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Illuminating an overlooked hunting stakeholder group: Nonhunters and their interest in hunting

Illuminating an overlooked hunting stakeholder group: Nonhunters and their interest in hunting Abstract While the traditional sport hunter wildlife management constituency appears to be declining, little is known about another group of hunting stakeholders—nonhunters who know hunters, participate in hunting‐related activities, have positive beliefs about hunting, and perceive benefits from hunting. This study explored New York State nonhunters’ experiences with and perceptions of hunting, using interview and mailed questionnaire data collection techniques. Many nonhunters know hunters and participate in hunting‐related activities. Roughly one‐third of nonhunters had positive beliefs about the utility of hunting as a wildlife management tool, and over 10% received benefits from hunting. These variables were significantly related to participation in hunting‐related activities with hunters. The size of the core nonhunter stakeholder population is estimated to be roughly equal to the active hunter population. These results suggest implications for wildlife managers as well as potential problems with traditional recreation‐based research treatments of hunting. http://www.deepdyve.com/assets/images/DeepDyve-Logo-lg.png Human Dimensions of Wildlife Taylor & Francis

Illuminating an overlooked hunting stakeholder group: Nonhunters and their interest in hunting

Illuminating an overlooked hunting stakeholder group: Nonhunters and their interest in hunting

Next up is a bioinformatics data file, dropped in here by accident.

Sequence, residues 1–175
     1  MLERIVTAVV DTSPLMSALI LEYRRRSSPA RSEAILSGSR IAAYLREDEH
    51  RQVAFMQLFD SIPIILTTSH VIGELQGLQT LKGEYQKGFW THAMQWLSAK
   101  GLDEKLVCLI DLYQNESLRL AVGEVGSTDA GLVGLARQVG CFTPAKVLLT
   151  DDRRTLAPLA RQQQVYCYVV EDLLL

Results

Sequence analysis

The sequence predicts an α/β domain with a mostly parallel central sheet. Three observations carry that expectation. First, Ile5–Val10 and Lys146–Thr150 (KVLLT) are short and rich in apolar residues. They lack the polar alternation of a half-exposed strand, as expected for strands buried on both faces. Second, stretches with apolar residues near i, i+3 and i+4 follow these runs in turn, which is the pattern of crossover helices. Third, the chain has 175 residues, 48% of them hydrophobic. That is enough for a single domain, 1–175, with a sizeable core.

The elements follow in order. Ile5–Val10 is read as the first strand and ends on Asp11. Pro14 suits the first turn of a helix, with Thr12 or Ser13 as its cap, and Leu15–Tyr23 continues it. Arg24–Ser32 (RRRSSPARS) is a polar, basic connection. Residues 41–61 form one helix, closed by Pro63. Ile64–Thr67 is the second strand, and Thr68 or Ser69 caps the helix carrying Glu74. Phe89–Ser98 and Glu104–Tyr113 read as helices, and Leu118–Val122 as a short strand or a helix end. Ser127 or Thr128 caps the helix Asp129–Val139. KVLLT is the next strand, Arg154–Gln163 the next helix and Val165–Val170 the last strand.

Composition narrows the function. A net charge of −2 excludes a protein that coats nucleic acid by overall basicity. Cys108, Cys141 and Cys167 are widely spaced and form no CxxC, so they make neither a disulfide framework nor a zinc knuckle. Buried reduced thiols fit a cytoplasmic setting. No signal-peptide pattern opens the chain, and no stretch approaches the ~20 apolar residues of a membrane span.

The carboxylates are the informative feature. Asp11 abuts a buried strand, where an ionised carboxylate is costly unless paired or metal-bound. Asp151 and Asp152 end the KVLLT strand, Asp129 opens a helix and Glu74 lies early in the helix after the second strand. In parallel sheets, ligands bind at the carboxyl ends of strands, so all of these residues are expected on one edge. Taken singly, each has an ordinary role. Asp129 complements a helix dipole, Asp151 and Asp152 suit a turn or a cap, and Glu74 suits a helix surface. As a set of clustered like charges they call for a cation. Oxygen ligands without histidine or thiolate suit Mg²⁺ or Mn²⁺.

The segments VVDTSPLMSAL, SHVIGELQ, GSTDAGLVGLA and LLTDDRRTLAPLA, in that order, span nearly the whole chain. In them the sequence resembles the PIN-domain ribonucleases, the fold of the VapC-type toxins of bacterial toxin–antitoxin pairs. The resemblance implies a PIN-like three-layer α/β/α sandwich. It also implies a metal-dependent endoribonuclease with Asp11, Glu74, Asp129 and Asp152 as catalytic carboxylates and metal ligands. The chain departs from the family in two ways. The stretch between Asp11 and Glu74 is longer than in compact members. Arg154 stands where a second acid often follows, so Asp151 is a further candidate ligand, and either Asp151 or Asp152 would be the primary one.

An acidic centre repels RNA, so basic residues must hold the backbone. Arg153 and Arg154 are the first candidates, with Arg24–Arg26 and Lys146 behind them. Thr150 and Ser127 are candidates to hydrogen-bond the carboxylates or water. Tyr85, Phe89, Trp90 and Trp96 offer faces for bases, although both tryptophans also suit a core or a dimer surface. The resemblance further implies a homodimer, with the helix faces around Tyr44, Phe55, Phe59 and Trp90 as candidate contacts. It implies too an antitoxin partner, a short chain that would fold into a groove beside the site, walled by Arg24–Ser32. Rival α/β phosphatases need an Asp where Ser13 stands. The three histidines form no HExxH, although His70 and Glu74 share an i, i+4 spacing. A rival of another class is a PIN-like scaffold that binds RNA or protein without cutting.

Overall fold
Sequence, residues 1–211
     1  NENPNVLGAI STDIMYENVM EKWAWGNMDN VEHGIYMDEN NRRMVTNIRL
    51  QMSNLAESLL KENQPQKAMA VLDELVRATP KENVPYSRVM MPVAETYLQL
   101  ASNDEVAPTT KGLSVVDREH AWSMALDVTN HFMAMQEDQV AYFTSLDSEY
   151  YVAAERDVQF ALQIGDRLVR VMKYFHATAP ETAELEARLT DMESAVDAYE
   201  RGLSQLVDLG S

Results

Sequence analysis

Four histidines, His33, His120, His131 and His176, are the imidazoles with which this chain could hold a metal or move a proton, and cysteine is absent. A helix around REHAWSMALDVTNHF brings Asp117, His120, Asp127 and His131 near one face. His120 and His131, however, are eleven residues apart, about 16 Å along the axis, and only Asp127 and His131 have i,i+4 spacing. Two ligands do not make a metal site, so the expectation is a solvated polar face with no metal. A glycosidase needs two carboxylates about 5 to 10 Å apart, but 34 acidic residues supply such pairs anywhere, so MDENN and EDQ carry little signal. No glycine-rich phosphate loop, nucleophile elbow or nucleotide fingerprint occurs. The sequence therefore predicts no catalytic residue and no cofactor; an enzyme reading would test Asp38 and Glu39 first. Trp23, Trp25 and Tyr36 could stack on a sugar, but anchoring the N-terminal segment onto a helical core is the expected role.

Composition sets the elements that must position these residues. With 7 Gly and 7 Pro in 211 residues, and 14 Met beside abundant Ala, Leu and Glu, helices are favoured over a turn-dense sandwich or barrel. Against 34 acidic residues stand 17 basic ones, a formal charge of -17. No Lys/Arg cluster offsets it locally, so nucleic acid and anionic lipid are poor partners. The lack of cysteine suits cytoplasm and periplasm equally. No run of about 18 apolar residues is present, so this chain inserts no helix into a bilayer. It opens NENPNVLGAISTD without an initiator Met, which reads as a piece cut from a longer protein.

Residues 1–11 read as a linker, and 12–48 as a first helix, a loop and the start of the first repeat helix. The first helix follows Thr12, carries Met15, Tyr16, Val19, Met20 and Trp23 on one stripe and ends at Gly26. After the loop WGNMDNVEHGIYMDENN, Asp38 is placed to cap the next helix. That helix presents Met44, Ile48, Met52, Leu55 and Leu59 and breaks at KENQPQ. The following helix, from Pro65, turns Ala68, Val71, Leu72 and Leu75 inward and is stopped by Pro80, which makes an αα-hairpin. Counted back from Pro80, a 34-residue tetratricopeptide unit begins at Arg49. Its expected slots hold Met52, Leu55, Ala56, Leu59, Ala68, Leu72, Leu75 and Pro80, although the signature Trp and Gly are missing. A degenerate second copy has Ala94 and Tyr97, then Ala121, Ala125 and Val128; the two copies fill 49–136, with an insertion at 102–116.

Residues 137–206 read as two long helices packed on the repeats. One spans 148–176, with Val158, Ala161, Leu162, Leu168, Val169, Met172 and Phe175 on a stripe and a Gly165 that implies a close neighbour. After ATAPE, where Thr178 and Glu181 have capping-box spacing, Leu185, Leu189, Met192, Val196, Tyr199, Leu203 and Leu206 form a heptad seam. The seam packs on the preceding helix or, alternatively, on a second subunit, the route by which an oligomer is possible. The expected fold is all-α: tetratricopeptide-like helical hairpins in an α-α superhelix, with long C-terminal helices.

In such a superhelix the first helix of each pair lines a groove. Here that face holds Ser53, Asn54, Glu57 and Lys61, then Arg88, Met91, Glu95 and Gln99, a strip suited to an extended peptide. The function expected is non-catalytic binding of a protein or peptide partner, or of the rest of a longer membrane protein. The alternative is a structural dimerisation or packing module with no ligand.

Human Dimensions of Wildlife , Volume 1 (3): 13 – Sep 1, 1996

Abstract

Abstract While the traditional sport hunter wildlife management constituency appears to be declining, little is known about another group of hunting stakeholders—nonhunters who know hunters, participate in hunting‐related activities, have positive beliefs about hunting, and perceive benefits from hunting. This study explored New York State nonhunters’ experiences with and perceptions of hunting, using interview and mailed questionnaire data collection techniques. Many nonhunters know hunters and participate in hunting‐related activities. Roughly one‐third of nonhunters had positive beliefs about the utility of hunting as a wildlife management tool, and over 10% received benefits from hunting. These variables were significantly related to participation in hunting‐related activities with hunters. The size of the core nonhunter stakeholder population is estimated to be roughly equal to the active hunter population. These results suggest implications for wildlife managers as well as potential problems with traditional recreation‐based research treatments of hunting.

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References (15)

Publisher
Taylor & Francis
Copyright
Copyright Taylor & Francis Group, LLC
ISSN
1533-158X
eISSN
1087-1209
DOI
10.1080/10871209609359068
Publisher site
See Article on Publisher Site

Abstract

Abstract While the traditional sport hunter wildlife management constituency appears to be declining, little is known about another group of hunting stakeholders—nonhunters who know hunters, participate in hunting‐related activities, have positive beliefs about hunting, and perceive benefits from hunting. This study explored New York State nonhunters’ experiences with and perceptions of hunting, using interview and mailed questionnaire data collection techniques. Many nonhunters know hunters and participate in hunting‐related activities. Roughly one‐third of nonhunters had positive beliefs about the utility of hunting as a wildlife management tool, and over 10% received benefits from hunting. These variables were significantly related to participation in hunting‐related activities with hunters. The size of the core nonhunter stakeholder population is estimated to be roughly equal to the active hunter population. These results suggest implications for wildlife managers as well as potential problems with traditional recreation‐based research treatments of hunting.

Journal

Human Dimensions of WildlifeTaylor & Francis

Published: Sep 1, 1996

Keywords: hunting stakeholder; wildlife management; hunting‐related activities; beliefs; benefits

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